Thursday, January 31, 2008

what "where there's fish there's cats" means

The title of this blog means that there will always be a predator for every prey. Or, more generally, some thing or some one will eventually find a way to exploit every possible opportunity. Where there's cheese, there's rats. Where there's fish, there's cats. Where there's money to be made in selling access to botnets, there's websites devoted entirely to selling access to botnets.

That is what the phrase means, if it was in the dictionary, but that does not explain why I use it. Here's why.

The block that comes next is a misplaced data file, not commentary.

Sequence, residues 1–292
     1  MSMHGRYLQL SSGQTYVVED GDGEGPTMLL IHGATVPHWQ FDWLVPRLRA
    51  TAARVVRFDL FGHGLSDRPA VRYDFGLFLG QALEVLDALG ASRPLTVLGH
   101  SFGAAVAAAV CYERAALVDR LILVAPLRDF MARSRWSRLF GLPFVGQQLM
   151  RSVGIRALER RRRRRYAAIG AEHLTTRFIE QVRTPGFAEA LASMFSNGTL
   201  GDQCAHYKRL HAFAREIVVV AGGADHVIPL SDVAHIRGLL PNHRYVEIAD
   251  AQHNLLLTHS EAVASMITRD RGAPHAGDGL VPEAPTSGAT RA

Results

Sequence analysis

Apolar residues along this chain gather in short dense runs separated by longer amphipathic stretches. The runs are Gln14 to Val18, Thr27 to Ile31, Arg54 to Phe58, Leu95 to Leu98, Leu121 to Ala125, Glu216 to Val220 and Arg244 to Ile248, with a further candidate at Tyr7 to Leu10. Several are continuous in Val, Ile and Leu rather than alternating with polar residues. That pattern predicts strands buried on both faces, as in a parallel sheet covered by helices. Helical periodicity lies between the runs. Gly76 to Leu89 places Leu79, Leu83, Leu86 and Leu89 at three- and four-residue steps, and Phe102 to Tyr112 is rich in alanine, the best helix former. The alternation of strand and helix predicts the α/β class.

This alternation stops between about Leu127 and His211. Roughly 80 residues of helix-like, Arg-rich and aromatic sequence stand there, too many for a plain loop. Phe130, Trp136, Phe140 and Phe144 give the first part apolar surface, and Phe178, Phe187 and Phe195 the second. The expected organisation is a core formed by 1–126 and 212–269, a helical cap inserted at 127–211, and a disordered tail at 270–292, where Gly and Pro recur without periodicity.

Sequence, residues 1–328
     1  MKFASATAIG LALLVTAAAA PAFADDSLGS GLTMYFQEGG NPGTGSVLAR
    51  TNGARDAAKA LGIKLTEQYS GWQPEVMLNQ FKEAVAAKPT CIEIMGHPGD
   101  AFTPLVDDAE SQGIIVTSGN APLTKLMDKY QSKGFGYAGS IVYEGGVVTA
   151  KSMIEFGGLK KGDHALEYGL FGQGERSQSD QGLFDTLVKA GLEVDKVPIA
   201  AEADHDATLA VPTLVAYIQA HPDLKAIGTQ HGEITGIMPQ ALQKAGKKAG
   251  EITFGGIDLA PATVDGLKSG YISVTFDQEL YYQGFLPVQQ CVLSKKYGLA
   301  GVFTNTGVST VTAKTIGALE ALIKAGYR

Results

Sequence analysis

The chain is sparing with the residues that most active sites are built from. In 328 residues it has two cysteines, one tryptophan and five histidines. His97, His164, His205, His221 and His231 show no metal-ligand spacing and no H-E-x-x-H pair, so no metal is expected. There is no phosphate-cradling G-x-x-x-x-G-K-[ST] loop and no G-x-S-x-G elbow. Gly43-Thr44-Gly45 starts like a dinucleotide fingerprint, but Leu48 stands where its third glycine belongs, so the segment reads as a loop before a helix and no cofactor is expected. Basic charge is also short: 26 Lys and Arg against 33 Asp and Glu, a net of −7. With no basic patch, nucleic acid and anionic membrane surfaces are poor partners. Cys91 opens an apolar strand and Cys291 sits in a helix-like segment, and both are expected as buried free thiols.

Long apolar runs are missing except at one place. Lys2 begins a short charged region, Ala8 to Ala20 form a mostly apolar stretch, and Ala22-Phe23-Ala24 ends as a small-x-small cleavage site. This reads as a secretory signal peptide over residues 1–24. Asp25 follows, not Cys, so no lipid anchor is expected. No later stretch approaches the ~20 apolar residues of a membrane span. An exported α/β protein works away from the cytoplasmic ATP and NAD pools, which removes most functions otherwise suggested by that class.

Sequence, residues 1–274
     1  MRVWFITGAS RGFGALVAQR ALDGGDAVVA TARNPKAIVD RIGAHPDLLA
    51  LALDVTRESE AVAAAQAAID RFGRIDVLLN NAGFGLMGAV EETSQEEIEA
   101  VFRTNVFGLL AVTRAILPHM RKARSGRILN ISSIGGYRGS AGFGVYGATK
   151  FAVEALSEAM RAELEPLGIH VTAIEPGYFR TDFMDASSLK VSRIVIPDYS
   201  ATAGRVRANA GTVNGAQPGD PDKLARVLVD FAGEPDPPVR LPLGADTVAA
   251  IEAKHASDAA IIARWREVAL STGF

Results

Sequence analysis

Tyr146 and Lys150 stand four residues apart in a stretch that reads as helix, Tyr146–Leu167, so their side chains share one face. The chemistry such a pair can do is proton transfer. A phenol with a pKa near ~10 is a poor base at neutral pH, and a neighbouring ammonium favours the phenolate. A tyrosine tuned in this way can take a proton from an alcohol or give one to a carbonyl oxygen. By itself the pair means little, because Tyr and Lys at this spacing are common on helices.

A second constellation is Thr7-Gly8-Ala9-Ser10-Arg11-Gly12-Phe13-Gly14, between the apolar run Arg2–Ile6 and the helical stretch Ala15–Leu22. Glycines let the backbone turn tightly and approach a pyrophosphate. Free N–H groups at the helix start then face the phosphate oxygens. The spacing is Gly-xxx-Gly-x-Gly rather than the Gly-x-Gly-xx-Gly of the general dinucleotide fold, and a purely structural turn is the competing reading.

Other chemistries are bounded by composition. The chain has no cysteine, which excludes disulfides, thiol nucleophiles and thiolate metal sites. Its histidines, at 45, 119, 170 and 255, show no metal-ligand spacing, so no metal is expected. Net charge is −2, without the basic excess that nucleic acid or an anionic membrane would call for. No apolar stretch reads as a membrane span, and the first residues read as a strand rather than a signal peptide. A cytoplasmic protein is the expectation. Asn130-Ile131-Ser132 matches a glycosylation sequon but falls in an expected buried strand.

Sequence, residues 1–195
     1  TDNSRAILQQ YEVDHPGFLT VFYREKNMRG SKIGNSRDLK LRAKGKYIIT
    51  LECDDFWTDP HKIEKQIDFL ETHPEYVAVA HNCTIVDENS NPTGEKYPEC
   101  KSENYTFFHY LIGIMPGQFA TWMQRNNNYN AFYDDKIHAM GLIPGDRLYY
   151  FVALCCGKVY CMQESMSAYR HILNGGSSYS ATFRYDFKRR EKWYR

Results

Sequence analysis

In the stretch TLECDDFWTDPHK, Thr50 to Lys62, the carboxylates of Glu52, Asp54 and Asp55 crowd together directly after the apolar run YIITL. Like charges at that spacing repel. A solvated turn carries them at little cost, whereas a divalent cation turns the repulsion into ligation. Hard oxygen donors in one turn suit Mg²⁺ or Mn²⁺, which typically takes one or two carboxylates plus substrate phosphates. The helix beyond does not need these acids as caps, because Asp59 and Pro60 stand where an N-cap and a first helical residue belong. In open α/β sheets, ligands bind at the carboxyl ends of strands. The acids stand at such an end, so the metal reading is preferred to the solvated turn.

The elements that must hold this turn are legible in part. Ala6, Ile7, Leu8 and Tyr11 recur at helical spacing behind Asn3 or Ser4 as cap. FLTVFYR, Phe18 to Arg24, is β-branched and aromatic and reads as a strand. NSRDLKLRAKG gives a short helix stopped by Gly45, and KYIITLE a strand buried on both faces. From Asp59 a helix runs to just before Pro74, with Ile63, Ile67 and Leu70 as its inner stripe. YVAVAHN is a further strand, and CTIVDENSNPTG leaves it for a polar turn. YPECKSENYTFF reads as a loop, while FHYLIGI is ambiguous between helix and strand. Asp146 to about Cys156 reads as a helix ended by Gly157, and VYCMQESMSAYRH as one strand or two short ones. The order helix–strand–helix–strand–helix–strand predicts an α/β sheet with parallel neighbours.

Once when I was about 16 my dad sent me and my brother and my cousin to go check on the minnow traps he'd set in Bayou Cateau (a tributary of Bayou La Batre, pronounced something exactly like "Bikey Toe").

Dad's minnow traps were made out of mason jars and window screen. I can't remember what he baited them with. Cat food would have been awesome for this story, but we didn't have a cat at the time, so it wouldn't make sense. The traps were sunk into the bayou just above what is now the Crumb Schambeau Memorial Bridge, tethered to the bank by string.

(Crumb Schambeau was still alive and employing the youth of the town as well-tipped bagboys at his grocery/hardware store, crunching the numbers on a calculator made before integrated circuits were invented, the effects of the Wal-Mart at Tillman's Corner on his bottom line displayed in glowing nixie tubes; so the bridge was at that time nameless)